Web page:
From Morocco, we moved on to Malta. En route, we stopped for a couple of nights in the Catalan (I daren’t say Spanish) city of Girona. It’s a small city and overshadowed by its much larger neighbour of Barcelona but we liked it and we’re glad we made the effort to spend a couple of days there.
As for Malta itself, it exceeded our expectations and we really enjoyed it. Both Malta and Gozo (we spent a week on each) are very tourist friendly. EVERYONE speaks English, both islands have an efficient and cheap bus system that makes getting around the islands a breeze (although Gozo is so small that we ended up walking almost everywhere), and the people are genial and welcoming.
We spent our week on Malta visiting the highlights of the island using the public bus. At €1.25 per ticket (if you buy a block of fifteen tickets in advance), the buses are good value and cover every corner of the island. We went into Valletta, which was the highlight, visited Rabat and Mosta as well as Vittoriosa, Senglea and Cospicua, which are collectively known as the Three Cities.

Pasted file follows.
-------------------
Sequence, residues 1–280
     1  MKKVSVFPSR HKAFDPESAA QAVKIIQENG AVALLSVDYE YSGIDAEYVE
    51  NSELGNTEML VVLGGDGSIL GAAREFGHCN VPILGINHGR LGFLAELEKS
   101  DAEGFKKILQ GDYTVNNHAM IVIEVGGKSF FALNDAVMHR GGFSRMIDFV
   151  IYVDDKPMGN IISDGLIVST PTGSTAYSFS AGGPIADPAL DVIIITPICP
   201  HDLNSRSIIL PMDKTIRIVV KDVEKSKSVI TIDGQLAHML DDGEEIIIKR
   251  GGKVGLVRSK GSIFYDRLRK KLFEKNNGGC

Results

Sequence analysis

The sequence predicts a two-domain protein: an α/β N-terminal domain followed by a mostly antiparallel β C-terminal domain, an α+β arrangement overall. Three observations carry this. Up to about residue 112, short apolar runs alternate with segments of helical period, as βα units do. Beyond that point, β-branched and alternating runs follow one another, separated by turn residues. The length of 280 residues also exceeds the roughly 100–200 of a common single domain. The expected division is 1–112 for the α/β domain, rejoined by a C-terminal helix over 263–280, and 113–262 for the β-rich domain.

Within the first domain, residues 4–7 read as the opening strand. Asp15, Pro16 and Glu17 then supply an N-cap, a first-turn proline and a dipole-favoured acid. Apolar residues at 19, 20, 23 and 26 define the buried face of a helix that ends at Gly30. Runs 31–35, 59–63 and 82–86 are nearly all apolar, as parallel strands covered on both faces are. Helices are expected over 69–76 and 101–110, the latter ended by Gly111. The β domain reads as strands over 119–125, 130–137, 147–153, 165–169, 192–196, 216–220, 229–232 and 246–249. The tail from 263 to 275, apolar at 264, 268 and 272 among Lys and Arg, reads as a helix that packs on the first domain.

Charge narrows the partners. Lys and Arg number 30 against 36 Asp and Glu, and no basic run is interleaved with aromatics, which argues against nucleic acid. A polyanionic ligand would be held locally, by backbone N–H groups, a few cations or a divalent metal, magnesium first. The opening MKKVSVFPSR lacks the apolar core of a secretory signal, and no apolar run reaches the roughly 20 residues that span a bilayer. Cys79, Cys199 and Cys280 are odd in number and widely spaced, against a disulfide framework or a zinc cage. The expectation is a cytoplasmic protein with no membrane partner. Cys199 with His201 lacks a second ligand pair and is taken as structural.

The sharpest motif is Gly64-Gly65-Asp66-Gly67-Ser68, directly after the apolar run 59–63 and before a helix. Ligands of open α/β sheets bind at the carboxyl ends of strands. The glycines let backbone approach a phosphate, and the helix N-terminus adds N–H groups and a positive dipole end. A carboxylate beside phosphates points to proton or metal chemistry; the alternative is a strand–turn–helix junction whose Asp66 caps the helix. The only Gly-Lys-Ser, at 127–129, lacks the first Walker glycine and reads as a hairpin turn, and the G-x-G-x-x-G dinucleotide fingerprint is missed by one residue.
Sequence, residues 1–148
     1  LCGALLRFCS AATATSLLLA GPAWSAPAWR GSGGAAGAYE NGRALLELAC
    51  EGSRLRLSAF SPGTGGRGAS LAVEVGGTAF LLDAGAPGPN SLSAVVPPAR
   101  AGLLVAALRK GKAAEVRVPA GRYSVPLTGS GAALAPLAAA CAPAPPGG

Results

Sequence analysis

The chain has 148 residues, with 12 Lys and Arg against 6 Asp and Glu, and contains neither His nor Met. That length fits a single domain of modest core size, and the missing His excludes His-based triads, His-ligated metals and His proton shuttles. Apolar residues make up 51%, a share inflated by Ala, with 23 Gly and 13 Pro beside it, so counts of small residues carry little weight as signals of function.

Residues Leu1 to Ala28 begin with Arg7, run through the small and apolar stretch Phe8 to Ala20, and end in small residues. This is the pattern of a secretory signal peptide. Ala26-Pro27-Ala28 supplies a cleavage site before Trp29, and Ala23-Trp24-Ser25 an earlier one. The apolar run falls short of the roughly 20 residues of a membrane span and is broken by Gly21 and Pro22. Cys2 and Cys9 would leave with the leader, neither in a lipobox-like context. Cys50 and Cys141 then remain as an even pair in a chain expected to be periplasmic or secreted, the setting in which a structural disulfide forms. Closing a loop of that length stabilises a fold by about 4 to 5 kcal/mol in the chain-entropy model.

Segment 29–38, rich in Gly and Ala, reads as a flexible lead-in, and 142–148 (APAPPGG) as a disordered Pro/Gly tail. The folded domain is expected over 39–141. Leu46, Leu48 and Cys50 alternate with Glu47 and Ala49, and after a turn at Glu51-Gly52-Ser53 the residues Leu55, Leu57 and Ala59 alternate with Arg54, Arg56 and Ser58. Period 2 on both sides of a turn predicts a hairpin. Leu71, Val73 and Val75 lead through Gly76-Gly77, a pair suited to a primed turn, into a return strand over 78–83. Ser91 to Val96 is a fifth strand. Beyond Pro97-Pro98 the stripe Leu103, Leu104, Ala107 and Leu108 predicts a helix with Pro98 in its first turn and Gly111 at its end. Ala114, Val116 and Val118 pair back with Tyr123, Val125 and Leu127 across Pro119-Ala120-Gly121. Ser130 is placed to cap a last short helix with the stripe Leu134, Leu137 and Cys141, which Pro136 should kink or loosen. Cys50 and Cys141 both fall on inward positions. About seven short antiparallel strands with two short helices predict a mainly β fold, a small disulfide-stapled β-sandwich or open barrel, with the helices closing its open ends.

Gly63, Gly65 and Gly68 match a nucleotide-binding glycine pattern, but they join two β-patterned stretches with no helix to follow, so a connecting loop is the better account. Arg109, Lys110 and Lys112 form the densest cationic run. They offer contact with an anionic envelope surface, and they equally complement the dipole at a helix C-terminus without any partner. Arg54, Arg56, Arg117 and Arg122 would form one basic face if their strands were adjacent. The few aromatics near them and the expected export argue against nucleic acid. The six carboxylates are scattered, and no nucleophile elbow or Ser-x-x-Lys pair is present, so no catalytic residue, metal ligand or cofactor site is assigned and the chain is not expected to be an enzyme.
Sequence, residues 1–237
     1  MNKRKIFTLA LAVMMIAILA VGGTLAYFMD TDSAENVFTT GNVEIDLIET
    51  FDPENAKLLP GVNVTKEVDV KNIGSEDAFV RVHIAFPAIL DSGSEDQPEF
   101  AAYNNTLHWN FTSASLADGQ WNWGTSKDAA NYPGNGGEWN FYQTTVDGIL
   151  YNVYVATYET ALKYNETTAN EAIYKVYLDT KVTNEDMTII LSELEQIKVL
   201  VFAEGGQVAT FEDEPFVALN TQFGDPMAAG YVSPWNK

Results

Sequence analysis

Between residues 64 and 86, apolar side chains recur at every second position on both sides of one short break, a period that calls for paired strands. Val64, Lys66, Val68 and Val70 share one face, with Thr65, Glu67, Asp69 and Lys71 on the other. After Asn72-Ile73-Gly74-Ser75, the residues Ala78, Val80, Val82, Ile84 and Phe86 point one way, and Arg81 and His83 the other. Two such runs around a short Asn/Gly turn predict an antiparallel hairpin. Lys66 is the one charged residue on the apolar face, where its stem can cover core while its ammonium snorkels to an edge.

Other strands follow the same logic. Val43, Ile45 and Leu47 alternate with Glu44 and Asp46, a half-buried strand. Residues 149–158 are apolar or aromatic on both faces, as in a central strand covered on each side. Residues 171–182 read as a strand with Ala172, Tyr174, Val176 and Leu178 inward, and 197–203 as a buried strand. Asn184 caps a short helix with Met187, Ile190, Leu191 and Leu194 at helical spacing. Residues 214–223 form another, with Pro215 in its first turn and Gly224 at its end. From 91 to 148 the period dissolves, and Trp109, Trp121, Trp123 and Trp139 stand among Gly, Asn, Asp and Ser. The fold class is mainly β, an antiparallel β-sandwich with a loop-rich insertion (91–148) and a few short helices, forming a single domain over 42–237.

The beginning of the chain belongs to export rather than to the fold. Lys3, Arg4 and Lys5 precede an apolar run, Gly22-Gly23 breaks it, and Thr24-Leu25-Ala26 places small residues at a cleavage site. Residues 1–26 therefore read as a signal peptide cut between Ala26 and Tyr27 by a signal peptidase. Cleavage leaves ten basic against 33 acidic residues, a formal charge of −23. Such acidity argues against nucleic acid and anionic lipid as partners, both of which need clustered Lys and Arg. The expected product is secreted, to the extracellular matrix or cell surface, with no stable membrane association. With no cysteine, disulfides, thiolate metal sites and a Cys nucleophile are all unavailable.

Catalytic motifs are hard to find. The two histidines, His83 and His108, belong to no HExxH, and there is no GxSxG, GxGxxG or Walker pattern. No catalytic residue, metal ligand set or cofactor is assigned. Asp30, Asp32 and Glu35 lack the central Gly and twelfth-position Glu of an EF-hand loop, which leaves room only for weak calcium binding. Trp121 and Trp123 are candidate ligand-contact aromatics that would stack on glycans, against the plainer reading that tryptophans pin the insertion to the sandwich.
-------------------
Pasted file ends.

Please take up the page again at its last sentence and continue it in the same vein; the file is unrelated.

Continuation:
Gozo was all about long coastal walks. We walked about 80km in total but it was easy walking and mostly on the flat. It also wasn’t too hot and, generally, we were lucky with the weather on both islands although we were on Malta during a particularly heavy storm which resulted in the demise of the famous Azure Window.